Changes of solubilization rate (%) different ultrasonic density and ultrasonic treatment time (capacity - 1 L/batch, grinding speed - 10,000 rpm, grinding time - 10 min, ultrasonic frequency - 20 kHz, agitation - 200 rpm).
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Fig. 5
Effects of ultrasonic treatment for waste livestock blood (capacity - 1 L/batch, grinding speed - 10,000 rpm, grinding time - 10 min, ultrasonic frequency - 20 kHz, ultrasonic density - 0.5 W/mL, ultrasonic treatment time – 30 min, agitation - 200 rpm).
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Fig. 6
Result of GPC analysis: (a) Before treatment, (b) After treatment (capacity - 1 L/batch, grinding speed - 10,000 rpm, grinding time - 10 min, ultrasonic frequency - 20 kHz, ultrasonic density - 0.5 W/mL, ultrasonic treatment time - 30 min, agitation - 200 rpm).
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Fig. 7
Morphological change of red blood cell (magnification: ×40) (a) before treatment, (b) only grinding (grinding speed - 10,000 rpm, grinding time - 10 min), (c) after treatment (capacity - 1 L/batch, grinding speed - 10,000 rpm, grinding time - 10 min, ultrasonic frequency - 20 kHz, ultrasonic density - 0.5 W/mL, ultrasonic treatment time - 30 min, agitation - 200 rpm).
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Fig. 8
Particle size distribution of waste livestock blood (capacity - 1 L/batch, grinding speed - 10,000 rpm, grinding time - 10 min, ultrasonic frequency - 20 kHz, ultrasonic density - 0.5 W/mL, ultrasonic treatment time - 30 min, agitation - 200 rpm).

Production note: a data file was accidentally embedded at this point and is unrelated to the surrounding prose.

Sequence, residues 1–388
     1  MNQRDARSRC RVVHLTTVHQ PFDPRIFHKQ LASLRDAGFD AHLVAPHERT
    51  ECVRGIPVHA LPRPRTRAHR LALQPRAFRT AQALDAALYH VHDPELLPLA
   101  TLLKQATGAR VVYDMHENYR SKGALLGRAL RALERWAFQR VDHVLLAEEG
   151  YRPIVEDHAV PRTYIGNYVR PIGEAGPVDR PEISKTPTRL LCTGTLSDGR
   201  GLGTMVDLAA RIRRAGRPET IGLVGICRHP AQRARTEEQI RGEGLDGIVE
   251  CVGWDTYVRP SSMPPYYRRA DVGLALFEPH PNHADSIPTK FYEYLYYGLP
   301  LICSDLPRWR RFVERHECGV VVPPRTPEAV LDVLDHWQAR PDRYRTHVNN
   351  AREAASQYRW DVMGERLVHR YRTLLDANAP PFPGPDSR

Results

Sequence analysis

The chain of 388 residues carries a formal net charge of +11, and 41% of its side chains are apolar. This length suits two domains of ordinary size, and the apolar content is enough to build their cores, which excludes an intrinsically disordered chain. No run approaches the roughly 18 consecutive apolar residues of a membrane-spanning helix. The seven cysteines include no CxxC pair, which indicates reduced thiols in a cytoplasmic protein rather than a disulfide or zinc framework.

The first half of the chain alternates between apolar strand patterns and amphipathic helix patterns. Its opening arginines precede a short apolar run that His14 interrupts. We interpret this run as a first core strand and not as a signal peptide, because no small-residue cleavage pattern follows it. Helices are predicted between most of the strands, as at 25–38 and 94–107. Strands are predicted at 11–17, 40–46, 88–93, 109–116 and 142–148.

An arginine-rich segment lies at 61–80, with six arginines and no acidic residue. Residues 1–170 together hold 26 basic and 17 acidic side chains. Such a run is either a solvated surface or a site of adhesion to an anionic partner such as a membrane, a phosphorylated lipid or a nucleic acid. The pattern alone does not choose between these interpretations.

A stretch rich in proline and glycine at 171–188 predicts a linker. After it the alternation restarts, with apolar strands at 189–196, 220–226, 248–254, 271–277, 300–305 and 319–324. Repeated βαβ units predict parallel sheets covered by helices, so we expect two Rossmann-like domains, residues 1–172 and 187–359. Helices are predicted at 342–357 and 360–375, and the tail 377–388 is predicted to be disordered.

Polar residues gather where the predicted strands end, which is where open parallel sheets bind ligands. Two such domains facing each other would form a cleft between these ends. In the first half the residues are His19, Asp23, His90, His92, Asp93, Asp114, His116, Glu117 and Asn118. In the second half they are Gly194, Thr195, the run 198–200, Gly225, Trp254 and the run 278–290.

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Table 1
Experimental Conditions of Ultrasonic Treatment
Parameters Conditions
Capacity 1 L
Ultrasonic frequency 20 kHz
Ultrasonic density 0.1, 0.2, 0.3, 0.4, 0.5, 1.0, 1.5 and 2.0 W/mL
Ultrasonic treatment time 10, 20, 30, 40, 50 and 60 min
Agitation speed 200 rpm
Target of solubilization rate 95%
Table 2
Characteristics of Used Waste Livestock Blood in this Study
Parameters Concentration (wt%)
Moisture content 79.14±0.13
Organic content 19.40±0.21
Protein 18.22±0.08
Albumin 2.08±0.10
Globulin 1.99±0.09
Fibrinogen 0.12±0.03
Hemoglobin 14.02±0.14
Lipid 0.17±0.01
Inorganic content 1.46±0.27

* Mean values obtained after repeating the experiment 3 times

Table 3
Change of Bacteria in Treated Waste Livestock Blood
Bacteria Before treatment (CFU/mL) After treatment (CFU/mL) Death rate (%)
General Bacteria 1.5E+05 1.3E+02 99.93
Total Coliforms 2.0E+03 N.D.* 100
Salmonella N.D. N.D. -

* N.D.: not detected (capacity - 1 L/batch, grinding speed - 10,000 rpm, grinding time - 10 min, ultrasonic frequency – 20 kHz, ultrasonic density - 0.5 W/mL, ultrasonic treatment time - 30 min, agitation - 200 rpm)